Barb in a characteristic pose, uttering her characteristic phrase. Artist: Lee Moder.


Medium: Comic books
Published by: Dark Horse Comics
First appeared: 1993
Creators: Chris Warner (writer) and Paul Gulacy (artist)
If this site is enjoyable or useful to you,
Please contribute to its necessary financial support. or PayPal

Covered (but not too covered) with form-fitting leather, toting an arsenal of heavy firepower, riding a huge motorcycle, working as a bounty hunter and sporting an "attitude", Barb Wire seems typical of the "bad girl" genre that's been prominent in American comic books since the 1980s — not as bad as Vampirella, perhaps, to say nothing of Lady Death, but easily badder than DC's Catwoman and perhaps even Marvel's Elektra. In fact, Barb's entire …

continued below

… character seems to have consisted of little more than a collection of "bad girl" tropes, plus the fact that she didn't want people to call her "Babe".

Barb Wire was part of an attempt by Dark Horse Comics (Hellboy, The Mask) to construct a "universe" of characters, of the sort that had accreted, over a period of decades, among the properties of some of the older publishers. "Comics' Greatest World" was both the name of the project, and the overall title of a set of limited series where many characters were introduced. Others from that set include, but aren't limited to, Ghost, by Adam Hughes (known generally for sexy female characters like her and Jennifer Mays); Titan, by Walt Simonson (Thor) and King Tiger, by Paul Chadwick (Concrete). Barb herself was introduced in the first issue of Comics' Greatest World: Steel Harbor, which concentrated on the denizens of a fictional city by that name, and which came out during the first week of August, 1993.

As the result of a company-wide push to get a well-defined new line going, Barb was created, in general outline at least, by a committee. But she was given flesh, in that first outing, by writer Chris Warner (Black Cross) and artist Paul Gulacy (Master of Kung Fu). Warner and Gulacy didn't stick with the character even long enough to write and draw the first issue of her own comic (April, 1994). But Barb and her Steel Harbor setting remained recognizable.

Steel Harbor was a tough town along the lines of Sin City, only less so, because it didn't have the unique talent of Frank Miller driving the sleaze. Since nobody could count on the police, there was plenty of work for freelance law enforcers like Barb Wire — enough to have sustained her title for nine issues, followed by a four-issue mini-series in 1996, in which Warner returned to write her. In fact, even enough to have gotten her into a Hollywood movie, which was released May 3, 1996.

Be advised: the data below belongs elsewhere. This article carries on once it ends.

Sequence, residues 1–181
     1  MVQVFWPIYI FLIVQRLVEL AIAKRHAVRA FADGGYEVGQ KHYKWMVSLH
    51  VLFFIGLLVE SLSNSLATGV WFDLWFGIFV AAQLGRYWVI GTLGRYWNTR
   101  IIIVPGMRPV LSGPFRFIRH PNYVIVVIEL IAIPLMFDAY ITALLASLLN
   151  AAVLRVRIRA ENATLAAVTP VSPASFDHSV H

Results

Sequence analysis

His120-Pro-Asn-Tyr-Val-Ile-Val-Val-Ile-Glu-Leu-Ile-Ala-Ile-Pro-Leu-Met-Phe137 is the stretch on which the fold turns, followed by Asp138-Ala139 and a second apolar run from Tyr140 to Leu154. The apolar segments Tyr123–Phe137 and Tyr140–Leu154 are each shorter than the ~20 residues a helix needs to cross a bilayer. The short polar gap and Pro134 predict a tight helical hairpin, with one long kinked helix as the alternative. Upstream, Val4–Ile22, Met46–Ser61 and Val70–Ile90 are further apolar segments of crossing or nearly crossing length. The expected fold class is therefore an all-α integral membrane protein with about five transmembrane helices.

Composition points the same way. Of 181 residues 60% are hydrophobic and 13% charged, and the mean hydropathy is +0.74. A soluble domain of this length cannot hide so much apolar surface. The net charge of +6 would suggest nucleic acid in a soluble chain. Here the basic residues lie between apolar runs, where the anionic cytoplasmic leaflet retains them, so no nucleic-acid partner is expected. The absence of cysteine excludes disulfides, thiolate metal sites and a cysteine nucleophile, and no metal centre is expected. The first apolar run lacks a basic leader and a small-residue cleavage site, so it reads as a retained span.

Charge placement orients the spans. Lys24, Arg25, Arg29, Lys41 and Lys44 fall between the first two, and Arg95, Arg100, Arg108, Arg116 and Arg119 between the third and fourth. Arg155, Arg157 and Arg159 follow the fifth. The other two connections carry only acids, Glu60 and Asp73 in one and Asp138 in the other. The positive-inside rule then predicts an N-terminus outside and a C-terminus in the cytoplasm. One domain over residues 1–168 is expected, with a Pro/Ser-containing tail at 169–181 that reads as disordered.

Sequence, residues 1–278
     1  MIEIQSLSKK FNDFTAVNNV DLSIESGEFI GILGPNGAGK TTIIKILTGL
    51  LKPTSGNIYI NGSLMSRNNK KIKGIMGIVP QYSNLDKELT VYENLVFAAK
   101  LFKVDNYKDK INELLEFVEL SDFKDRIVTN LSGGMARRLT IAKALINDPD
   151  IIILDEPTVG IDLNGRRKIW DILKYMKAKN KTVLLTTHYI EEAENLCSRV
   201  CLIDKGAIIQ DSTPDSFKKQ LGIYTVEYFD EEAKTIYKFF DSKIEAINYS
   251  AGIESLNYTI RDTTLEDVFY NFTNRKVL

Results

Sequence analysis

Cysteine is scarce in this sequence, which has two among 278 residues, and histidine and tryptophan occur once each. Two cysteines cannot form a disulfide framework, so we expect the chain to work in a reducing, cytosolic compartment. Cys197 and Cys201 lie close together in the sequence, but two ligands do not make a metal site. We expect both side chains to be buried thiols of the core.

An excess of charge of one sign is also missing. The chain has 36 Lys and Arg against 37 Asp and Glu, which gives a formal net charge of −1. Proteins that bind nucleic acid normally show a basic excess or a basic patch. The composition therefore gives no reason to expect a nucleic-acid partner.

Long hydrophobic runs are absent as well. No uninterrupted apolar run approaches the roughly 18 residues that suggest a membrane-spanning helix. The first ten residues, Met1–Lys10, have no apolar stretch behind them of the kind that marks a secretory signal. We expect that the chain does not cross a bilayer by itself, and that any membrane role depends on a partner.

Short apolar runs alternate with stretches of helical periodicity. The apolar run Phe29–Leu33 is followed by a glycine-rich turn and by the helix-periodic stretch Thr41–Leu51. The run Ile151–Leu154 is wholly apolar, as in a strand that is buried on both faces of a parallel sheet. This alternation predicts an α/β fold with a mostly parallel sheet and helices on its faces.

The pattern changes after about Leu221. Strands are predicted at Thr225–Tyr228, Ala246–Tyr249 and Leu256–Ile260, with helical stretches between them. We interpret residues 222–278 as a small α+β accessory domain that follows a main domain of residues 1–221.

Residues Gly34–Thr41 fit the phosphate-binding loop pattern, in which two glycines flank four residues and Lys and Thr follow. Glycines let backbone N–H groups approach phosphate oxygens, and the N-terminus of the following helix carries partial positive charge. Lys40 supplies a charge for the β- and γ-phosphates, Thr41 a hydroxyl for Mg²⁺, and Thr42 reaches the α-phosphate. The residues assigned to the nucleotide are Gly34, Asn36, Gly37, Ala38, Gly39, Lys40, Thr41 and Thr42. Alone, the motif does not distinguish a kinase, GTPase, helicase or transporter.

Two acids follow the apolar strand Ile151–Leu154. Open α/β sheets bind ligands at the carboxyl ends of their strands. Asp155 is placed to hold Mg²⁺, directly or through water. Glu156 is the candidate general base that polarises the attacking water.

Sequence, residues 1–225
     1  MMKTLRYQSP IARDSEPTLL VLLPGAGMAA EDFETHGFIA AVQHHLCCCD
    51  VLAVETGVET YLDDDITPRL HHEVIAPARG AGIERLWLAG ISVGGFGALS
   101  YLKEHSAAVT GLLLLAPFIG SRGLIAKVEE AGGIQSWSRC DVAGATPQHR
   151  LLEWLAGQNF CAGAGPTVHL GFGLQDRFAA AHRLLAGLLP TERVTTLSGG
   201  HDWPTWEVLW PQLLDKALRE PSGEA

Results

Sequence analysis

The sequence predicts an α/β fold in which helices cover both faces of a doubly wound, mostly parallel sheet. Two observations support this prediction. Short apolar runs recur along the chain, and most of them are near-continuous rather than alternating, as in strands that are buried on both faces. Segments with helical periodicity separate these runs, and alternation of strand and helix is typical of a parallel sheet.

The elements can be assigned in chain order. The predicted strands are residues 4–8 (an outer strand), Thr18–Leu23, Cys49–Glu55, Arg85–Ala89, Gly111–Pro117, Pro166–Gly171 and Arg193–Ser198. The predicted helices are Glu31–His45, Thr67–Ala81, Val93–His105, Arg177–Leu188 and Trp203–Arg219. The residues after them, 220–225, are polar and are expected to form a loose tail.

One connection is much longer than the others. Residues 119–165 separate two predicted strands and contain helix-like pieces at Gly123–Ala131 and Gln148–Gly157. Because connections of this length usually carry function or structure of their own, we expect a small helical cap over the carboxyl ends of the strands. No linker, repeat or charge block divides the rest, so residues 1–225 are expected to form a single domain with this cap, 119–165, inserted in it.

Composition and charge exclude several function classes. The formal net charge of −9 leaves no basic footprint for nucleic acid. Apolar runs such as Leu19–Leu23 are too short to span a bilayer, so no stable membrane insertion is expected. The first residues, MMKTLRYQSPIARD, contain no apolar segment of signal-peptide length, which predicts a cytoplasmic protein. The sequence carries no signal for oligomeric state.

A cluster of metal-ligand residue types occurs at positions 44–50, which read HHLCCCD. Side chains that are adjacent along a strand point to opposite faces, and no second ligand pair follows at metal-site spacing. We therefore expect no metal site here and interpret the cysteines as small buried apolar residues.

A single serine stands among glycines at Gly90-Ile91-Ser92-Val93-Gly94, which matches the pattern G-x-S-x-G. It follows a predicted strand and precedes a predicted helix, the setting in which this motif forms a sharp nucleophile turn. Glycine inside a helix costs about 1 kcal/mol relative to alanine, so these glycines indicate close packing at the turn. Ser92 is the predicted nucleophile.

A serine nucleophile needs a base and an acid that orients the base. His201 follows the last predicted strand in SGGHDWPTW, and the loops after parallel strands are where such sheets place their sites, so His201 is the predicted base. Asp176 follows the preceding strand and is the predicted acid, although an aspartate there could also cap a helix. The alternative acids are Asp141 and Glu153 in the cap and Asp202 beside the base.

The movie was set in the year 2017, with America in the midst of a genuine civil war between the "Congressional Directorate" (a fascist dictatorship that evolved from what we have now) and a typical bunch of ragtag freedom fighters. Steel Harbor was a rare bastion of freedom, in which Barb ran a bar called Hammerhead, and got involved in the fray only reluctantly. Critics who called it an attempted remake of Casablanca seem to have been on the mark.

Critics also found Barb's most-used catch-phrase ("Don't call me Babe" — possibly a reference to a contemporary character by John Byrne (Alpha Flight) who was called Babe, no relation) ironic, given who played the part. Pamela Anderson, formerly a Playboy Playmate, is known mostly for "babe" roles. Other "name" talent seems to have been lacking. The film didn't make much of an impression on the world, unless you count a video game that came out the same year.

Dark Horse's adaptation of the movie back into comic book form was the character's last gasp as a commercially viable property. The average "Comics' Greatest World" character didn't even do that well.


BACK to Don Markstein's Toonopedia™ Home Page
Today in Toons: Every day's an anniversary!


Purchase Toon-related Merchandise Online

Text ©2005-10 Donald D. Markstein. Art © Dark Horse Comics.